• Location in terms of proximity to shopping, public transportation routes, doctors’
  • offices, pharmacies, family, schools, and other support structures in the community
  • Upkeep of the community, including grounds maintenance and landscaping, lighting and security

You will have 60 days from the date of your initial orientation to secure housing. If you are not successful in securing housing within 60 days, you may request an extension in writing.  The extension request form is available on Forms Central.

The unit must PASS a Housing Quality Standards (HQS) inspection BEFORE we can execute a Housing Assistance Payments (HAP) Contract on behalf of the HOM.

You’ll find helpful information about the inspection process on Forms Central, including the HUD Pamphlet, A Good Place to Live. The pamphlet provides general information and performance criteria for the HQS Inspection process by room in the dwelling unit. We’ve also developed an HQS Tip Sheet to provide a list of common fail items for inspections.

Inspections are also required annually to ensure that the dwelling unit continues to meet Housing Quality Standards.

Housing built before 1978 may contain lead-based paint. Lead from paint, paint chips, and dust can pose health hazards if not managed properly. Lead exposure is especially harmful to young children and pregnant women. Landlords are required to disclose the presence of any known lead-based paint and/or lead-based paint hazards in the dwelling. Tenants must also receive a federally approved pamphlet on lead poisoning prevention. HOM provides the EPA’s Protect Your Family from Lead in Your Home pamphlet to all program participants.  A Lead Warning Statement must be completed and signed by the Landlord, Tenant, and HOM prior to the leasing and execution of a HAP Contract for the dwelling unit.

The EPA and HUD Real Estate Notification and Disclosure Rule Questions and Answers is available on Forms Central.

On a periodic basis, HOM participants recertify their continued eligibility and assistance level in the housing programs. Upon interim or annual re-examinations, HOM re-calculates the participant’s portion of rent. Changes in the participant’s portion of rent will be provided to the participant and landlord in a one-page amendment to the existing HAP Contract or Rental Assistance Agreement. The amendment will provide the new Tenant Rent and Housing Assistance Payment to the participant and landlord and the effective date of the change.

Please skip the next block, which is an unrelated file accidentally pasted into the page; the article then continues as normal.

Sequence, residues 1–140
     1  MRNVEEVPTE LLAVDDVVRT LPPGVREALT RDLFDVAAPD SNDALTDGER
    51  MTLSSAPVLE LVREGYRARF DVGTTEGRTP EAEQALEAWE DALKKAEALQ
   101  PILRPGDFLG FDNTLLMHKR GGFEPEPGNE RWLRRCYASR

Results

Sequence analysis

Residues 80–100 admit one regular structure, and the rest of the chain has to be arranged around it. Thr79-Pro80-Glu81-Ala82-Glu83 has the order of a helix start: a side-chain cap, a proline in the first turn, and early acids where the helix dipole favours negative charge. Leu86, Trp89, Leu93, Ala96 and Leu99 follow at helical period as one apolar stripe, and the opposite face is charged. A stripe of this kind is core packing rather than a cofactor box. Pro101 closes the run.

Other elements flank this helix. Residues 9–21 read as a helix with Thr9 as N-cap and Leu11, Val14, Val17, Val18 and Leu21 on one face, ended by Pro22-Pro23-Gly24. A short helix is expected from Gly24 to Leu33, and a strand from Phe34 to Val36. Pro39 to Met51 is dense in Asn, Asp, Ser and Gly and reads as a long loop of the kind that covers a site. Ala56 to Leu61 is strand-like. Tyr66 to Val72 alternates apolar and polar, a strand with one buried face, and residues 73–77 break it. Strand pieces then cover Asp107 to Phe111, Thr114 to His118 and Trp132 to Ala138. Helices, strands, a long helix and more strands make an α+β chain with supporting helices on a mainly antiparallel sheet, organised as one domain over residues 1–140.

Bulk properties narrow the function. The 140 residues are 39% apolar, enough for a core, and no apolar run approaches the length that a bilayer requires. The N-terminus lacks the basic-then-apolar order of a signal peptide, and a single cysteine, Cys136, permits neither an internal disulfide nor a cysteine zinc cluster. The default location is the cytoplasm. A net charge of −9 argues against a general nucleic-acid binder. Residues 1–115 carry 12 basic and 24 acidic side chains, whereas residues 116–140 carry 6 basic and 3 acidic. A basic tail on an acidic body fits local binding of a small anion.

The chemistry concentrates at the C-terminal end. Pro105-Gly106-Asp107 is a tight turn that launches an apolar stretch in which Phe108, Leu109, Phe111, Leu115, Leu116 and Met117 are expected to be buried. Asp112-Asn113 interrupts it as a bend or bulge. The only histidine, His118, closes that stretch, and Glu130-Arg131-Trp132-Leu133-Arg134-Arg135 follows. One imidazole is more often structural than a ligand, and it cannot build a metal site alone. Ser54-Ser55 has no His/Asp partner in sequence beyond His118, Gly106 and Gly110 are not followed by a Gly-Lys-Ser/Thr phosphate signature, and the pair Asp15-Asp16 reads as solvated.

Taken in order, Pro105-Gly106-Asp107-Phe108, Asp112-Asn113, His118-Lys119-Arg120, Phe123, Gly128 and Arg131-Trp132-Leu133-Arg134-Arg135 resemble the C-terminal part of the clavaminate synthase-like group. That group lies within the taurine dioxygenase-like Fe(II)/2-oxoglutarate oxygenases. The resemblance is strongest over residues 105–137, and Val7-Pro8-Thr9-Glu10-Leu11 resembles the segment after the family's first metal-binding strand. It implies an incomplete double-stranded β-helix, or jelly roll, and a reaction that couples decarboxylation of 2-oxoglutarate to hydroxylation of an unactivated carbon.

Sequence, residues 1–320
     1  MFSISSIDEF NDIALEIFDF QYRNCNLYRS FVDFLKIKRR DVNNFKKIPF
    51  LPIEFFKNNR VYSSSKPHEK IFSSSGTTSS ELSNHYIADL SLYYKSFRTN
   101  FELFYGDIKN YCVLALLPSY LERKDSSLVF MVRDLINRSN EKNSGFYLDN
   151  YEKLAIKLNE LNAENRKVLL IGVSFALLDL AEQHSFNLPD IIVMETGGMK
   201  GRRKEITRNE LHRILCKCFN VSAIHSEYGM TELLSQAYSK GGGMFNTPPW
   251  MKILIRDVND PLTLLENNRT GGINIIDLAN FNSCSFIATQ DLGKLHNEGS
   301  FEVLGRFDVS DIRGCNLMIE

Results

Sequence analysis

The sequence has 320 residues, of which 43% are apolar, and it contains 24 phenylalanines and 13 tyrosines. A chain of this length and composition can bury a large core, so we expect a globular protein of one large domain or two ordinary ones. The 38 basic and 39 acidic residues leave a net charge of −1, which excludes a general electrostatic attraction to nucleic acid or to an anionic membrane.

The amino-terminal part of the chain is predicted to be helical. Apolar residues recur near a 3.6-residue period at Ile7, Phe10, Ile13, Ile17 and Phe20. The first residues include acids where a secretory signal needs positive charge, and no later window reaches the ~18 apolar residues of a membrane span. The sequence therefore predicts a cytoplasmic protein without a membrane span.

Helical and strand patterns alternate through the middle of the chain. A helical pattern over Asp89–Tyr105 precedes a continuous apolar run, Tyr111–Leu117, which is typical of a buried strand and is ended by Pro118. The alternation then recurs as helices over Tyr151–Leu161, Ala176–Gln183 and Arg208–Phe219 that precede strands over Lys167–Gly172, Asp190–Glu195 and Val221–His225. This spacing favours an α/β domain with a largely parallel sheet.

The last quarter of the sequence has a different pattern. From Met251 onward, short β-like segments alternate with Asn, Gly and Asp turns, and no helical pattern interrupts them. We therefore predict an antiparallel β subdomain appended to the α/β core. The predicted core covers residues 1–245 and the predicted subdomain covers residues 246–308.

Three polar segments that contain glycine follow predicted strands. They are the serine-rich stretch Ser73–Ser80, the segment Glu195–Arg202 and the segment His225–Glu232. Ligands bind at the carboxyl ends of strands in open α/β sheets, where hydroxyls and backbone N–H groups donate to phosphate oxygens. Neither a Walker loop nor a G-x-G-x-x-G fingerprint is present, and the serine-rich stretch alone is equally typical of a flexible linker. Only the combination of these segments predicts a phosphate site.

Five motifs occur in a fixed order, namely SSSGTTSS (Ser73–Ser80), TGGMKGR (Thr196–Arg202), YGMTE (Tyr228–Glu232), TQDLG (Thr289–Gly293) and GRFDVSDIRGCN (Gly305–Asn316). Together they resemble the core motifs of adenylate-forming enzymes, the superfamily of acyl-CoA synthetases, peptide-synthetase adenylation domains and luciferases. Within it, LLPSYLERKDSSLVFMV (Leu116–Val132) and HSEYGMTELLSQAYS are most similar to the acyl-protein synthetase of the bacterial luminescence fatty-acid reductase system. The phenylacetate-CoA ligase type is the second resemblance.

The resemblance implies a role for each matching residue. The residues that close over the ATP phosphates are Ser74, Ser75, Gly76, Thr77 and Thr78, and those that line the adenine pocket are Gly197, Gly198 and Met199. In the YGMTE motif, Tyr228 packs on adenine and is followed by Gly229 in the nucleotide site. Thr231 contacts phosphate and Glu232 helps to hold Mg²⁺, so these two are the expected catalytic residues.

The participant’s portion of rent is determined by HOM only, and it is illegal to charge any additional amounts for rent or any other items not specified in the Lease that have not been specifically approved by HOM.

Program termination occurs when a participant has completed the program, no longer meets eligibility criteria for the program or has violated their obligations in the program.  HOM works closely with our partners to identify solutions to problems that help participants to maintain housing stability in the program.  Termination is generally a last resort option in supportive housing programs.

Some examples of actions or inactions by participants that may lead to program termination include:

  • Violation of obligations under the program;
  • Failure to sign and submit consent forms;
  • Drug-related or violent criminal activity;
  • Fraud, bribery or any other corrupt or criminal act in connection with the housing program;
  • Engaging in or threatening abusive or violent behavior toward HOM or landlord personnel;

If a participant’s assistance in the program is terminated, HOM will provide notice of termination with the reason for the termination, the effective date of the termination, and information on how to appeal the decision.